Some example embodiments may include extracting representative textual phrases from a user's feedback text as “tags”. These tags may be extracted to differentiate feedback for one user from that of another. For example, if all users have the text “AAAAA++++” in their feedback, this information does not serve to distinguish one user from another. In some embodiments, the example technology may extract other distinguishing phrases that summarize a user's (e.g., a seller's) feedback text. This information may be extracted at a global level, a category level, a domain level (e.g., static or dynamic), or at any other suitable level. Also, this information may be extracted for all the transactions that have occurred for all users in a given category to describe the most representative tags for that category feedback. For example, “very cute” may be a typical phrase in a positive feedback text in a bag category, “does not fit” may be a common phrase in an apparel category, and “wrong size” may be a common phrase in a jewelry-ring category.

Once the text is extracted, the information may be presented at a user level, across all categories, at a category level, domain level, or at some other suitable level. Example representations of the feedback may be shown with the text differentiated by its size (e.g., highlighted with larger text for more frequent phrases and smaller text for less frequent ones).

Further, in some embodiments, an example technology may represent text emoticons or sentiments that may have emoticons attached to them. This may be done by keeping a dictionary of phrases and mapping the phrases to a static set of emoticons. For example, “speedy shipping” and “fast delivery” may be associated with a common emoticon. Linguistic analysis and natural language processing may help to identify such similar phrases and map them to the same emoticon. Techniques of sentiment mining from small text may be used to attach sentiments to the tag phrases.

Example System

FIG. 1 is a diagram of an example system 100 illustrating the generation of feedback data. Shown is a reviewer 101 who, utilizing a GUI 112, generates positive feedback. GUI 112 may reside on any one of a number of devices 102 including, for example, a cell phone 103, a computer system 104, a television 105, and/or a Personal Digital Assistant (PDA) 106. Utilizing any one of these devices 102, the reviewer 101 may generate feedback data 126. This feedback data may be related to users who buy and sell good and services, feedback related to a category of sellers, buyer, good, services, or feedback relating to some other suitable transaction. Feedback data 126 may, in some cases, be positive feedback such as, for example, that a purchase the reviewer 101 made was “Best Purchase Ever”. Further illustrated is a reviewer 124 who, utilizing the GUI 112, may generate neutral feedback. This neutral feedback may be in the form of, for example, feedback data 127, such as a statement that “Service Was About Average”. Further, a reviewer 125 may generate negative feedback utilizing the GUI 112. This negative feedback may be, for example, feedback data 128 which states, for example, “Not A Good Experience” with regard to a particular transaction. The feedback data 126, 127, and 128 may be transmitted across a network 150 to, for example, a web server 130. Web server 130 may be operatively connected to, for example, an application server 131. Operatively connected to application server 131 may be, for example, a feedback data store 132. In certain embodiments, a plurality of web servers 130 may be used to receive feedback data, such as feedback data 126, 127 and 128. Further, a plurality of application servers 131 may be operatively connected to one or more of these web servers 130. Additionally, a database server (not pictured) may be operatively connected to the application server 131 and may be used to retrieve data from and store data to the feedback data store 132.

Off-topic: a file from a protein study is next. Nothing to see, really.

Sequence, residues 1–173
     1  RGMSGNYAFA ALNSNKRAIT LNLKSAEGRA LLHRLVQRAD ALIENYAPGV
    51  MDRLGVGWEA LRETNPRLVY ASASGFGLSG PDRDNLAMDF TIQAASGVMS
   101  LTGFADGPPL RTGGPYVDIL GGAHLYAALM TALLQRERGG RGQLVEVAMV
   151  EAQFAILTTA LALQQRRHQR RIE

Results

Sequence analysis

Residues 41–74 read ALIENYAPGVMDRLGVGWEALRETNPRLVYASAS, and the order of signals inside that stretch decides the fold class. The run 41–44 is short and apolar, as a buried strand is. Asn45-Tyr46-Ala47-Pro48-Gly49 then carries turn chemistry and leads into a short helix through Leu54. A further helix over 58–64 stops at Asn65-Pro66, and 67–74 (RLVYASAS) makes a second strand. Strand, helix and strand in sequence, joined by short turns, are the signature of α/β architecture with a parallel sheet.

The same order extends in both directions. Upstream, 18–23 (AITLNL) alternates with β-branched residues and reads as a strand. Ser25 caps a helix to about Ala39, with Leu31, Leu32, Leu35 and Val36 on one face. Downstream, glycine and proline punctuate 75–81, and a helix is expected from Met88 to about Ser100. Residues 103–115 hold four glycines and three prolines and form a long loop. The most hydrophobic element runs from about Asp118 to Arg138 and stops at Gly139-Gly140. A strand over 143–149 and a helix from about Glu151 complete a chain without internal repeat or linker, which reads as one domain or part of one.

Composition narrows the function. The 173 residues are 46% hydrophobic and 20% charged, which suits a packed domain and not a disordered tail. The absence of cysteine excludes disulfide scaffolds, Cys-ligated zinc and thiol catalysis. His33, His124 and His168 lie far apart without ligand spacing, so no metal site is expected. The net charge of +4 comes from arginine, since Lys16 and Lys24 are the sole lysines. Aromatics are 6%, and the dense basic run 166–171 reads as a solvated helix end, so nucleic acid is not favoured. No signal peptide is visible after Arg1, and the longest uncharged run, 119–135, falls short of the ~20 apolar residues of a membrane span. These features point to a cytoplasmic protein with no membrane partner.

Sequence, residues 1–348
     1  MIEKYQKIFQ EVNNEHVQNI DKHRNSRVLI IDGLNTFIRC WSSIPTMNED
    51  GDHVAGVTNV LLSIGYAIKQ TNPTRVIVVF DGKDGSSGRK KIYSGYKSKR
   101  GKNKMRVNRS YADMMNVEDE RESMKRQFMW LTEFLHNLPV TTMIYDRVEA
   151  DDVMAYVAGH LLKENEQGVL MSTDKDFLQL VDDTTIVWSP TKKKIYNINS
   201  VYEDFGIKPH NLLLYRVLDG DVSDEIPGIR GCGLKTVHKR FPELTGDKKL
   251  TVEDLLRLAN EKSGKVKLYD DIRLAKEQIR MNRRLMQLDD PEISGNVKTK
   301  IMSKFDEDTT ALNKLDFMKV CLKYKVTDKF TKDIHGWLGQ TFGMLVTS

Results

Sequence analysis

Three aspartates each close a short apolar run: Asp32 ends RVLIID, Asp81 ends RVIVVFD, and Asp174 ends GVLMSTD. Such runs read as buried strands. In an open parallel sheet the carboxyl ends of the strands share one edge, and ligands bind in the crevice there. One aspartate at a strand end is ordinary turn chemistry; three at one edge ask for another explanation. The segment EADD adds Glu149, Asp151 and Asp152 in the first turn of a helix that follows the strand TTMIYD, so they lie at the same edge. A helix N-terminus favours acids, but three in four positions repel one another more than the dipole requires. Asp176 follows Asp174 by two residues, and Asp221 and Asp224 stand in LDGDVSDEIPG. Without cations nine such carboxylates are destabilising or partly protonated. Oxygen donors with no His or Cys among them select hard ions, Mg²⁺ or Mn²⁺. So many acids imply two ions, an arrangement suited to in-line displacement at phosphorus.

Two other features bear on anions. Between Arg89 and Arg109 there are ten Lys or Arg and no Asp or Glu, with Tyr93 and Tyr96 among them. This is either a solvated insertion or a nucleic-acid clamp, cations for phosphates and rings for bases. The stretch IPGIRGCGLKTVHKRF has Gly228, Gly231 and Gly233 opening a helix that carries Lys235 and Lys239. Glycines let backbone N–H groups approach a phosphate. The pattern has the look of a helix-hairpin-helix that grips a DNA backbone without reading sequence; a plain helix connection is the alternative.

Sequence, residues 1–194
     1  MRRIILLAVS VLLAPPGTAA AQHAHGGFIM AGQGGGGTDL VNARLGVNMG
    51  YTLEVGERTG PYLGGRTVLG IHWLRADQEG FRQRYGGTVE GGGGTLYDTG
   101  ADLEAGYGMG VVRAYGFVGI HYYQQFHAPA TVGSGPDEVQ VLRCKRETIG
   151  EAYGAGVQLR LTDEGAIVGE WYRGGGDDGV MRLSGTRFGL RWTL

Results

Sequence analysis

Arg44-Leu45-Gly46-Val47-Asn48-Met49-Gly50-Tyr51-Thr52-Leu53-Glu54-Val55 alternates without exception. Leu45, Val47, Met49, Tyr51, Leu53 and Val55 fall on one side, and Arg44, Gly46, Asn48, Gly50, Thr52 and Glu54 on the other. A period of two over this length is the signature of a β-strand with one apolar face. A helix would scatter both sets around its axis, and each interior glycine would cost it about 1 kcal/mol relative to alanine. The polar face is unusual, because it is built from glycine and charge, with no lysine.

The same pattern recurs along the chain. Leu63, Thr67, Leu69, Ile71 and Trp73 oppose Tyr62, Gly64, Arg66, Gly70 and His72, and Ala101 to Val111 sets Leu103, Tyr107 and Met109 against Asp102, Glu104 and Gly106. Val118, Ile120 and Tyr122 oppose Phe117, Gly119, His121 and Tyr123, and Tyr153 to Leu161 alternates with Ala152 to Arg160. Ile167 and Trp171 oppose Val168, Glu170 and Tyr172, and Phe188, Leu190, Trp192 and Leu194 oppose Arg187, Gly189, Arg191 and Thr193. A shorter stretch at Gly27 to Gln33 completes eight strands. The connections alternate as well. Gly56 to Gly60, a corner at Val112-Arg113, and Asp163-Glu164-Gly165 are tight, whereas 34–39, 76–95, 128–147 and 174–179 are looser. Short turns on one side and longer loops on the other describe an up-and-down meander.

FIG. 2 is a diagram of an example system 200 illustrating the generation of a feedback page. Illustrated is a reviewer 201 who, utilizing a GUI 112, generates a feedback request and receives a response to this feedback request in the form of a feedback page. For example, as illustrated, a feedback request 202 may be generated by the reviewer 201 utilizing the GUI 112. Feedback request 202 may, for example, contain information identifying a particular user (e.g., a seller who has transacted business on a particular website managed by a web server and associated application server). Feedback request 202 may be transmitted across the network 150 to the previously shown and illustrated web server 130, and may ultimately be processed by an application server 131. In response to the feedback request 202, a feedback page 203 may be generated. Feedback page 203 may be, for example, a web page written using HTML combined with certain technologies such as Asynchronous JavaScript and eXtensible Markup Language (AJAX), Dynamic HTML (DHTML), or even Active Server Pages (ASP). Feedback page 203 may then be transmitted by the web server 130 back across the network 150 for viewing on the GUI 112 by the reviewer 201. The process for generating feedback page 203 may be more fully illustrated below.

Example Screen Shots of Interfaces

In some embodiments, a feedback page 203 is displayed to a potential purchaser. Feedback page 203 may contain feedback regarding a particular seller of a good or service, or regarding a particular category of goods or services for sale. In one embodiment, when a potential purchaser clicks on a tag underlying the text displayed on the feedback page 203, an asynchronous request is sent to the server to obtain details for that tag. This asynchronous request may be generated using technology including, for example, AJAX, or DHTML. Once the asynchronous request is received, then feedback information related to that tag is extracted from a pool of feedback for that user. Next, in some cases, a percentage is computed to determine how many comments out of the total pool of comments (e.g., for that particular seller) actually relate to that specific tag. Then, in some embodiments, a feedback servlet again constructs the HTML to be displayed to the client (e.g., displayed as part of the feedback page 203). In some example embodiments, synchronous transmissions of web page queries are utilized in lieu of or in combination with the asynchronous queries. Further, technologies such as ASP may be utilized in lieu of servlets.